As a minister, Dad allowed people to ask hard questions about faith, or a lack thereof.  His permitting people to be open with their doubts made them more comfortable in hearing possible solutions through scripture and his personal experiences.  And he knew that these answers often did not come quickly, but needed patience for all involved.

I remember him saying sometimes “there are lots of good preachers out there…but there never seem to be enough pastors.”  Now Joyce and I were in that place where Dad had consoled so many with his amazing bedside manner for those in the hospital. He was a great listener to those who were grieving, knowing when to pray and when to be silent.   We were doing our best to reflect that back to him as he lay there.  Things had grown peaceful in the midst of the sadness and reflection as the afternoon progressed.  The intake and outflow had now become pretty unencumbered and even. 

In…out…pause.  In…out…pause.  And then, without any warning whatsoever, he stopped.  No trauma, no struggle, no difficulty.  He breathed his last and slipped away. 

Joyce and I looked at each other, tears welling.  “Good for you, Dad.  You did good,” she whispered.

There’s a healing touch to find you
On that broad highway somewhere
To lift you high
As music flying
Through the angel’s hair

It dawned on me that we had been given a very rare gift in this modern age: to be by the side of each of our parents when they passed, and to see them move so gently from one realm to the next.

My brother Jim was yanked away from us without warning.  I could never say goodbyes to Ernie, or John, or Mike back in my college days, nor many others who have departed subsequently.  But for the two people who gave me life in the first place--the two who loved me most—I was allowed the honor of seeing them through.

As I held his hand that final time, still warm but beginning to cool as his spirit left him—I remember doing the same with him five years after Mom had died when he was recovering from his broken arm. He was feeling quite low.

“Sometimes I wonder what all of my life meant,” he confessed.  “The toil of my hands…will there be any lasting impact?” staring out at a powdered dusk, he paused for a while. “It used to sadden Marilyn and me that none of you brought grandchildren into our lives.  But last night the Lord reminded me of what you and Joyce had done—a lot which wouldn’t have happened if you had families.  Look at the university Joyce is helping start in Africa.  That source of higher education is going to change Angola for generations to come.  And then there are those 150,000 sponsors you have found for needy kids through radio and concert events with Compassion in these decades you’ve worked with them.”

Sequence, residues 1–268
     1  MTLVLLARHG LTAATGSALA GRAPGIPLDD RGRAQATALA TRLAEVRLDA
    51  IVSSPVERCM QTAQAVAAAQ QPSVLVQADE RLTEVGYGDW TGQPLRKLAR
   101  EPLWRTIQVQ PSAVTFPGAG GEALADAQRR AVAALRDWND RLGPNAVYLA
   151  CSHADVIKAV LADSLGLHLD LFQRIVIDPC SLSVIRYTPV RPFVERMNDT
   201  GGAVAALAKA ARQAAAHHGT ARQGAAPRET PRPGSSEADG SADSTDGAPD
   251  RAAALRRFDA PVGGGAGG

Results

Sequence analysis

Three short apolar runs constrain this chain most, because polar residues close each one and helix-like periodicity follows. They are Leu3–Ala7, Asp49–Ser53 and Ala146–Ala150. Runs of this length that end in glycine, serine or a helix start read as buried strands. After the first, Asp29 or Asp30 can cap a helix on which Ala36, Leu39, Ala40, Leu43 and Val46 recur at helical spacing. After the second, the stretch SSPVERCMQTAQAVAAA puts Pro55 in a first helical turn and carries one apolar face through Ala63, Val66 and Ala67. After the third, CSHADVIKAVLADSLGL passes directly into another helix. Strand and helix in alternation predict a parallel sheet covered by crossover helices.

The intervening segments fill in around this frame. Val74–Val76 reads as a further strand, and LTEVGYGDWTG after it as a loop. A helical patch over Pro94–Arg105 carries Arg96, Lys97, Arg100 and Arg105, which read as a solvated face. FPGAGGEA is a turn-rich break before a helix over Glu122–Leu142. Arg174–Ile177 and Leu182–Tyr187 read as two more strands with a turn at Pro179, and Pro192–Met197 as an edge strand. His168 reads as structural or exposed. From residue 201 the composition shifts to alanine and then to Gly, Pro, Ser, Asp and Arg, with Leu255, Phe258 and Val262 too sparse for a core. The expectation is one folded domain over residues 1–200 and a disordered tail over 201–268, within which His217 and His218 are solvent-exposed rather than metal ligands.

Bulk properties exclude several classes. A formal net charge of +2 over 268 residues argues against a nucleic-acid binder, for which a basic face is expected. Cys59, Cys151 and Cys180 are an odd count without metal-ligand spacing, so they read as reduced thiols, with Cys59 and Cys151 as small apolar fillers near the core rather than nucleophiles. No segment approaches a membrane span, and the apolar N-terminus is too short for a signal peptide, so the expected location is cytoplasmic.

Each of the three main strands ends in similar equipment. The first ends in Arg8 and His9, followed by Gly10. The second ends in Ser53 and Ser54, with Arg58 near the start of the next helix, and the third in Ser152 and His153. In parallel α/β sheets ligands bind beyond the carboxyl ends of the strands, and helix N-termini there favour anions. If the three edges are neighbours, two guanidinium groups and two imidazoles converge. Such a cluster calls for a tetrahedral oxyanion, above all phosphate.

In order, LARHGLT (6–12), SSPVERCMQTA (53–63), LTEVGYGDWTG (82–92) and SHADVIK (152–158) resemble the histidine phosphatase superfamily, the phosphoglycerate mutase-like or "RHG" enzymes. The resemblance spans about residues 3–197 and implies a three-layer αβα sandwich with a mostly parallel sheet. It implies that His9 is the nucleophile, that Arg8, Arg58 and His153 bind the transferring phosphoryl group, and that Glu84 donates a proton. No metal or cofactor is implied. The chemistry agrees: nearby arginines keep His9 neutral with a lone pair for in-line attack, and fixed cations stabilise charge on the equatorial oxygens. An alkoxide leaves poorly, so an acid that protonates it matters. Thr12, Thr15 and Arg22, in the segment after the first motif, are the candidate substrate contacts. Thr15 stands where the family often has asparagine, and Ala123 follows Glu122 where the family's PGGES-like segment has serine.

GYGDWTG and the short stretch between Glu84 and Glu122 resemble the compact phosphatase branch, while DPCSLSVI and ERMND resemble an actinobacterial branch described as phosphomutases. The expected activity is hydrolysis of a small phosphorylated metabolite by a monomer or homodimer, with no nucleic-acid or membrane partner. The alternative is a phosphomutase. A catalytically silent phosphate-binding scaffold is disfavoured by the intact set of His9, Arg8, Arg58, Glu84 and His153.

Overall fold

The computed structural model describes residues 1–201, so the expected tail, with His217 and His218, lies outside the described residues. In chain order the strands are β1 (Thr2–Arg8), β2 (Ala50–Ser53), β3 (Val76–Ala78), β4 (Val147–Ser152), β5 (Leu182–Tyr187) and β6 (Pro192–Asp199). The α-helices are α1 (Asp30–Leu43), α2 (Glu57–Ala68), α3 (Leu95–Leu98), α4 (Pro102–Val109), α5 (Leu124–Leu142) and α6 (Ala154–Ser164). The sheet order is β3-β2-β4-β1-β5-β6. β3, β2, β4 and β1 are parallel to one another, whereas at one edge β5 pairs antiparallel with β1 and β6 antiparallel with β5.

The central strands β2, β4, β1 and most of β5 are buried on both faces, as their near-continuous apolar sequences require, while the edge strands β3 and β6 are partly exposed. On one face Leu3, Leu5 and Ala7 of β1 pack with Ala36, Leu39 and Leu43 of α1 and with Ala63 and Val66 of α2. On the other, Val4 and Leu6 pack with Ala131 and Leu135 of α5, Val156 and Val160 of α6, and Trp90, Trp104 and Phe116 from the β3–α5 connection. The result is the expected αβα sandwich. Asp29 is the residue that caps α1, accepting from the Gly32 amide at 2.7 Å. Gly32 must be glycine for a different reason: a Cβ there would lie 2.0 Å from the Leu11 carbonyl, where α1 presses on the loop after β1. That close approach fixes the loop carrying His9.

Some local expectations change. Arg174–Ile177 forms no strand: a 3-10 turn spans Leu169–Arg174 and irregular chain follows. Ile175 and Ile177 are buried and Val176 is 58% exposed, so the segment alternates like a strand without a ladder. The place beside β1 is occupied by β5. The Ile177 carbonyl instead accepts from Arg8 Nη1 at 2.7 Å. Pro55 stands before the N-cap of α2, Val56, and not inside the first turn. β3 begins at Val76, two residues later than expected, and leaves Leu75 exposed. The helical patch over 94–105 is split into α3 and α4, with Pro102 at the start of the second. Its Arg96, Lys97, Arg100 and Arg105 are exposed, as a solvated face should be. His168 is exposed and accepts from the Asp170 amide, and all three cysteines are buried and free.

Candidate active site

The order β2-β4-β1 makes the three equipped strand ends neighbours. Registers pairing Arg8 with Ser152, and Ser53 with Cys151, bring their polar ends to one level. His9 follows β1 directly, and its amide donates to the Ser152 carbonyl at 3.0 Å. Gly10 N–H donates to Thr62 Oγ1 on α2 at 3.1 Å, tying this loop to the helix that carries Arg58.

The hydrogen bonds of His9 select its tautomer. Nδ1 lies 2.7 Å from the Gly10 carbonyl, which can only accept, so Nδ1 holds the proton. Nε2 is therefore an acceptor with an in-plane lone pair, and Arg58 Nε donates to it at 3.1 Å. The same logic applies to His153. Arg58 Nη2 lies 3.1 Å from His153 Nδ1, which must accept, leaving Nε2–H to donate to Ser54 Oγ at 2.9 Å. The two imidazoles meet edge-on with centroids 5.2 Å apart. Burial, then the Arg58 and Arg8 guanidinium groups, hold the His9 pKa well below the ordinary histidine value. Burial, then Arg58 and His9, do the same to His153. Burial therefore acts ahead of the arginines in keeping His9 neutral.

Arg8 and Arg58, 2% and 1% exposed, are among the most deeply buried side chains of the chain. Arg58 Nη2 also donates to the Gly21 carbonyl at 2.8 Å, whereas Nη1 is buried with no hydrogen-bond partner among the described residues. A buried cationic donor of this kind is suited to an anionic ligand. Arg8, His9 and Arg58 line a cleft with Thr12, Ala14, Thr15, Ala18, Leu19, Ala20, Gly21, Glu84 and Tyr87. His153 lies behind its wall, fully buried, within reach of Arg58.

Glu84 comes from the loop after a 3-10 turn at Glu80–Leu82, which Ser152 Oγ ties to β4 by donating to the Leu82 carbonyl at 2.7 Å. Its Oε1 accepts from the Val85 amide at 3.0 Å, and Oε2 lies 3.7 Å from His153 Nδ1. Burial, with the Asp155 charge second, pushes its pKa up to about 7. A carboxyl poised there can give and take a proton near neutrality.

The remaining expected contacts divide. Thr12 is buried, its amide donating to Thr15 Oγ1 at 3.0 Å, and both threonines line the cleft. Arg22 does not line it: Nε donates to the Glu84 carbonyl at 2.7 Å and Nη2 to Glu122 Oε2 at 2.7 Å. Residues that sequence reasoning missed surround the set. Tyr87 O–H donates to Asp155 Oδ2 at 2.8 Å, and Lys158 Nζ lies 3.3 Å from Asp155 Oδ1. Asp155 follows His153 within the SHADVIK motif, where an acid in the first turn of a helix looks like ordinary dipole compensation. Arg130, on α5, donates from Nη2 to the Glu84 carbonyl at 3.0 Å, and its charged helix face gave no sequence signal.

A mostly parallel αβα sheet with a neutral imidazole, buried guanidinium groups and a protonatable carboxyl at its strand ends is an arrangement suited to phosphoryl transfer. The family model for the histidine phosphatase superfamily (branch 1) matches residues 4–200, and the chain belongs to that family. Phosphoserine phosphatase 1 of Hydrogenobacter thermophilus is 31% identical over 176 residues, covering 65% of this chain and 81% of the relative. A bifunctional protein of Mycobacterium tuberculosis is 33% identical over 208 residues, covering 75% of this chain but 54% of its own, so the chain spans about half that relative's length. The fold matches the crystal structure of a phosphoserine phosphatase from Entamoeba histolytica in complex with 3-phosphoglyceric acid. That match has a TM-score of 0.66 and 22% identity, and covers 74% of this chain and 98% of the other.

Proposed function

“You taught and modeled so well, Dad.” I reminded him. “In so many ways you showed us how to serve—not just in words, but also actions.”

“Yeah,” he replied, brightening up.  “When you put your hand to the plow, you don’t always realize what the harvest will look like until you go through too much rain, too much heat, locusts, beetles, fire ants, and long stretches of wondering if it will amount to much.”

We’ve been flooded with hundreds of testimonies of the impact of Mom and Dad since his passing.  At his memorial service in Pittsburgh as well as via cards, e-mails, and phone calls we have heard from some of the thousands that were touched over those sixty-plus years of service at eight congregations they served.

Don’t ask what you are not doing
Because your voice cannot command
In time we will move mountains
And it will come through your hands

(“Through Your Hands” by John Hiatt from Stolen Moments, 1990)